To explore the clinical value of the serum superoxide dismutase-to-standard deviation of erythrocyte distribution width ratio (SRSR) in systemic lupus erythematosus (SLE).
A total of 222 SLE patients from the Rheumatology and Immunology Department in the Second Affiliated Hospital of Chongqing Medical University from January 2017 to April 2019 were collected as the experimental group, and a total of 202 healthy physical examiners were extracted as the control group. Neutrophil-to-lymphocyte ratio (NLR), superoxide dismutase-to-standard deviation of erythrocyte distribution width ratio (SRSR), and platelet-to-lymphocyte ratio (PLR) were calculated from the collected data and then compared the level of the above three indexes between the two groups. In addition, we analyzed the association between SRSR and clinically relevant indicators.
We found that the SRSR of SLE patients was significantly lower than healthy control group, by analyzing the receiver operating characteristic (ROC) curve; it revealed that the SRSR had higher specificity and sensitivity than either superoxide dismutase (SOD) or standard deviation of erythrocyte distribution width (RDW-SD) alone. The area under the curve (AUC) for SRSR was significantly larger than either SOD or RDW-SD alone, and the AUC for SRSR was also larger than NLR and PLR. And it was found that SRSR was independently correlated with SLE disease activity through multiple linear regression analysis.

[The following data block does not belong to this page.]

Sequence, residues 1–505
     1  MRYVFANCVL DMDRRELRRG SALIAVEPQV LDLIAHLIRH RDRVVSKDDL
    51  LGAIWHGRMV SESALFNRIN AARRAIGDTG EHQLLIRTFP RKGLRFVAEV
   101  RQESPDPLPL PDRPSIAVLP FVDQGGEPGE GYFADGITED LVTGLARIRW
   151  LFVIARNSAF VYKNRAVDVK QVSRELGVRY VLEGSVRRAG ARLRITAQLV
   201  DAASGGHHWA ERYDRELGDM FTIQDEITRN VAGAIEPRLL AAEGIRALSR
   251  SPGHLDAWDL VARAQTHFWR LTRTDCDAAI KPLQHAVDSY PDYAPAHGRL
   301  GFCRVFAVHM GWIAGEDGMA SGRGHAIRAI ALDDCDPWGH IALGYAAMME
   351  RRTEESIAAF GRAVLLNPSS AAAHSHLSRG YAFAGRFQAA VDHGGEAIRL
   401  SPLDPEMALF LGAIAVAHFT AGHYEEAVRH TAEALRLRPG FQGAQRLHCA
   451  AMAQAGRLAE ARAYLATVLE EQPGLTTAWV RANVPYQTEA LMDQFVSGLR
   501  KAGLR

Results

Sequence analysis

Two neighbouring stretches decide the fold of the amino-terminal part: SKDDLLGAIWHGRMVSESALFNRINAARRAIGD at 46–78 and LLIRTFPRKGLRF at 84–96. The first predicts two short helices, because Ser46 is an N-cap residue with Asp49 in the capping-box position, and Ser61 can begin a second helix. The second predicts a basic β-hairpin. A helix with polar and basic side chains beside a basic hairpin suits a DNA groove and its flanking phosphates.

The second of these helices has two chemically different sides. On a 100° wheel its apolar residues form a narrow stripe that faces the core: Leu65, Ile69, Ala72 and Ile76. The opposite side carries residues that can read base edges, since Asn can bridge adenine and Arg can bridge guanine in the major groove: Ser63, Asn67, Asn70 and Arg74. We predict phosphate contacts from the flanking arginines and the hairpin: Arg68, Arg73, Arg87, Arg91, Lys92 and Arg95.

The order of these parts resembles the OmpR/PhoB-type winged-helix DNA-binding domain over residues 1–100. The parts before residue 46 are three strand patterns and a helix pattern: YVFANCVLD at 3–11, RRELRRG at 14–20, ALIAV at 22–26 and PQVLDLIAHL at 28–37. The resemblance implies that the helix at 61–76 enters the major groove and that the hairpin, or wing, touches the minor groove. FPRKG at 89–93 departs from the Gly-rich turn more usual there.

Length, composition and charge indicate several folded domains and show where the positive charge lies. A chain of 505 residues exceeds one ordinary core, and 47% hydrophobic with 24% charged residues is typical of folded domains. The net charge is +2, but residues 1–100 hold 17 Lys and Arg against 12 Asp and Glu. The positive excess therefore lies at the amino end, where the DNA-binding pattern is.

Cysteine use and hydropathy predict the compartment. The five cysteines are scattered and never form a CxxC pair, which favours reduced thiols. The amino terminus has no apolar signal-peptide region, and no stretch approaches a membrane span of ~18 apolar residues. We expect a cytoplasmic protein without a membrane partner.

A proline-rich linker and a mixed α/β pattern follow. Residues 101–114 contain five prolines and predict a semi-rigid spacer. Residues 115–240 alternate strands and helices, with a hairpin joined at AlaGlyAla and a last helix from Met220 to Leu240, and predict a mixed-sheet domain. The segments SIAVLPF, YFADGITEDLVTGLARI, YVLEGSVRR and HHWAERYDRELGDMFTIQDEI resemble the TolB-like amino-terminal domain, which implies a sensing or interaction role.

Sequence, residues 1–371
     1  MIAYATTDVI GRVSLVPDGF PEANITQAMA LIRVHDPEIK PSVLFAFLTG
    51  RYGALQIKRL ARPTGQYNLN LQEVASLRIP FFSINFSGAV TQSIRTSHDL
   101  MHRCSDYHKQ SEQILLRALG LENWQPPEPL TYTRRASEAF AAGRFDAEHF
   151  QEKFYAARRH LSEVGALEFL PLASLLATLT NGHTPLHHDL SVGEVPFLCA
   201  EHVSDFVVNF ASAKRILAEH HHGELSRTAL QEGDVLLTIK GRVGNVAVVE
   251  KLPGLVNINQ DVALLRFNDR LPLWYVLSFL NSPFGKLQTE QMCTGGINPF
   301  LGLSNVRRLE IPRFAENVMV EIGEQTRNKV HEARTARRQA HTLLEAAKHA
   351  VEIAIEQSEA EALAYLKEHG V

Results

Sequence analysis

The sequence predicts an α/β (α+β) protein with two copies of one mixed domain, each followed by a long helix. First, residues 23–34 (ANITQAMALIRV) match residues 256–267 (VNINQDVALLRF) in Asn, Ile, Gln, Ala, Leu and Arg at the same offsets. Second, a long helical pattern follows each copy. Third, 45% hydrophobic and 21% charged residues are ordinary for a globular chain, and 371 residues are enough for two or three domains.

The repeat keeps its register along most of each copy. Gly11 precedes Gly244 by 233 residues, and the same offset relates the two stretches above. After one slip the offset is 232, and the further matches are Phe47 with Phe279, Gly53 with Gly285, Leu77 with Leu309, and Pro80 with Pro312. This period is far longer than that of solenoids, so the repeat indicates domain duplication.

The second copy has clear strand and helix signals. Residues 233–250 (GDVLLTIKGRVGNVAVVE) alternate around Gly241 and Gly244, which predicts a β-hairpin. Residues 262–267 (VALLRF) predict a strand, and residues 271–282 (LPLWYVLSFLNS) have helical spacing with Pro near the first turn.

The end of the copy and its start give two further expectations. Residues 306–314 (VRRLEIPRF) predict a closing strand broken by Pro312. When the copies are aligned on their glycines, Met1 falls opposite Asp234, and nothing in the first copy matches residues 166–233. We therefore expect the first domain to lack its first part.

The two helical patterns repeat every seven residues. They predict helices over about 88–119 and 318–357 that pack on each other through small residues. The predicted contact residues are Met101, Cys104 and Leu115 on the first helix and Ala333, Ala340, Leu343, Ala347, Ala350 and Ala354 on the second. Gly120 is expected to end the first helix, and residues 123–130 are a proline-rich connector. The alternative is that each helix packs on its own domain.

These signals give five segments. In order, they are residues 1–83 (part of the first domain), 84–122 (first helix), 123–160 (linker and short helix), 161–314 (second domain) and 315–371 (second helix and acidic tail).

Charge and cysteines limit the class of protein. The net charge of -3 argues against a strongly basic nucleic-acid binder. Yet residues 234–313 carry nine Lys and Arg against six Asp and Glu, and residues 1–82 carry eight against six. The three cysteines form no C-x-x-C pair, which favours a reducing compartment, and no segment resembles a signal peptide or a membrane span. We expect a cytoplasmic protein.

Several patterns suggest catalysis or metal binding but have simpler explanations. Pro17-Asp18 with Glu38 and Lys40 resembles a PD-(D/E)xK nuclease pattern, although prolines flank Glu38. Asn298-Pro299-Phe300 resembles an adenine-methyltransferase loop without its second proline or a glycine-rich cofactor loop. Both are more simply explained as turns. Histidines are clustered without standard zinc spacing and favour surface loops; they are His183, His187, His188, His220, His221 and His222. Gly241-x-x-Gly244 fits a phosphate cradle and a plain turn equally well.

SRSR is a useful biomarker for the diagnosis of SLE, and it is of great significance in the clinical application.

© 2020 The Authors. Journal of Clinical Laboratory Analysis Published by Wiley Periodicals, Inc.